The Wall Street Journal reported Wednesday that a Federal Aviation Administration whistleblower has alleged the agency improperly fast-tracked approvals last year for Southwest Airlines, as the carrier hustled to finally launch service between California and Hawaii.
According to the Journal story, the whistleblower alleges the FAA gave Southwest preferential treatment and rushed its approvals process after the airline’s service to Hawaii was delayed several months by the December 2018 government shutdown.
Specifically, the whistleblower alleges that monitors who sat in the cockpit to observe Southwest’s required test flights between the mainland and Hawaii lacked the proper credentials — while local FAA employees familiar with Southwest’s operations were relegated to the cabin.
Notably, both Southwest and the Hawaii Department of Transportation used the airline’s first test flight to Hawaii in February as a media event to promote Southwest’s much-anticipated service to the islands.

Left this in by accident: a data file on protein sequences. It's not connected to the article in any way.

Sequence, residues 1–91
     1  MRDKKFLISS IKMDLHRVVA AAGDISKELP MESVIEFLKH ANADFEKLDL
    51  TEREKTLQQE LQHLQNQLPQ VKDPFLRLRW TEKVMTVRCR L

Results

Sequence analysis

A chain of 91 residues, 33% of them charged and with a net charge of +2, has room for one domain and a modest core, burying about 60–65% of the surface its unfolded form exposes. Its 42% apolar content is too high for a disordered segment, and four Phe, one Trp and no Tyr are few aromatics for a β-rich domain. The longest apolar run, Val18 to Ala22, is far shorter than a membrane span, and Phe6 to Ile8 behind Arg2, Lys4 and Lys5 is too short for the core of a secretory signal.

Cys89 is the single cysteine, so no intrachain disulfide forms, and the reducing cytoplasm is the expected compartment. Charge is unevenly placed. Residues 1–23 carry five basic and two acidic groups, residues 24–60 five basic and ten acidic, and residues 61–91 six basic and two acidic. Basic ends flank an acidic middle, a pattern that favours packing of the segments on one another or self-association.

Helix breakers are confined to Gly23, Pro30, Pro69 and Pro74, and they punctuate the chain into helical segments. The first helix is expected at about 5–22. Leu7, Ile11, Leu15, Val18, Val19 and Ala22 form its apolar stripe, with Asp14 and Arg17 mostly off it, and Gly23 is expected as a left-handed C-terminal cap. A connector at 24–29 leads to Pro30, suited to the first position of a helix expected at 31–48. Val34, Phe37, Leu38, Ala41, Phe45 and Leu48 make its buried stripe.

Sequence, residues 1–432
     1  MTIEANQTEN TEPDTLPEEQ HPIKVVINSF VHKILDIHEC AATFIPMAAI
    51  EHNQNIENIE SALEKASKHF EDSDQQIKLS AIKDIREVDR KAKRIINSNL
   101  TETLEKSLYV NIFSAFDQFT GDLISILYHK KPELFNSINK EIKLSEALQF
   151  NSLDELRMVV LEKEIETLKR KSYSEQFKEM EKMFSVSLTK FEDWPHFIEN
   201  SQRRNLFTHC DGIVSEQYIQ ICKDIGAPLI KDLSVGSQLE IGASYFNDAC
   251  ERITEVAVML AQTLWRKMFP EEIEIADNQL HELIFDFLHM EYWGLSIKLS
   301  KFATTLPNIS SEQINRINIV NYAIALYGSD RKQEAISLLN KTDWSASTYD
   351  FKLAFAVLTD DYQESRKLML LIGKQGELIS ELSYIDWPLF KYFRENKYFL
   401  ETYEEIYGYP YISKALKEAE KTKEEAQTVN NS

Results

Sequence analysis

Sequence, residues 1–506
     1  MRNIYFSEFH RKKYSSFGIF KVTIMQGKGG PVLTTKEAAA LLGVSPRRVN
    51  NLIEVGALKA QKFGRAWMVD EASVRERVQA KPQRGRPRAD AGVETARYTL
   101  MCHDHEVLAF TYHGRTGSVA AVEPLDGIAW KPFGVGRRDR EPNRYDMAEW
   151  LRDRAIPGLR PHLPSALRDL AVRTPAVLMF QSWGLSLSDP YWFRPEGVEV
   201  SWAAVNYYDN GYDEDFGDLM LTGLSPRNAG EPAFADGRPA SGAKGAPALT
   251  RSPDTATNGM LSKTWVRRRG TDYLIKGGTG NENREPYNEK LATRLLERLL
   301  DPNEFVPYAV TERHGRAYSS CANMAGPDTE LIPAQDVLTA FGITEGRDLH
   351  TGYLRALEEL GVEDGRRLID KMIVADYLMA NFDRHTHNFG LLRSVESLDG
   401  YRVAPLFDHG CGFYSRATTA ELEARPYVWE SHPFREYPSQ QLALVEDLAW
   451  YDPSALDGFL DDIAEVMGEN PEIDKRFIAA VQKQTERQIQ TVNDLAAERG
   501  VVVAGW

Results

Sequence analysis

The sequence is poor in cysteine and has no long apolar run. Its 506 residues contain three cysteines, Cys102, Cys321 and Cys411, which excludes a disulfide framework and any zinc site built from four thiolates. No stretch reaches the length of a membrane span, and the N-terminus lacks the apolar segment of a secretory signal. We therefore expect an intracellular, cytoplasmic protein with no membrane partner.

Local press was given access near the airport tarmac to document what officials said was the first time a Southwest twin-engine 737 plane would land on Hawaiian soil. DOT officials also showcased the recent renovations at the Daniel K. Inouye International Airport’s Terminal 2, where Southwest would operate.
The whistleblower alleges managers at the regulatory agency engaged in “gross mismanagement and abuse of authority” for “the financial benefit of the airline,” according to the Journal story.
Sign up for our FREE morning newsletter and face each day more informed.
Before you go . . .
During this unique election season, we appreciate that you and others like you have relied on Civil Beat for accurate, objective coverage of the candidates and their races.
Covering the pandemic has taken a lot of our collective energy. But through it all, our small team of reporters made sure you didn’t forget about electoral politics. Because we know that elections not only test society’s participation in our democracy, but journalism’s commitment to safeguarding it.
If you’ve relied on our election coverage this season, please consider making a tax-deductible gift to support our newsroom.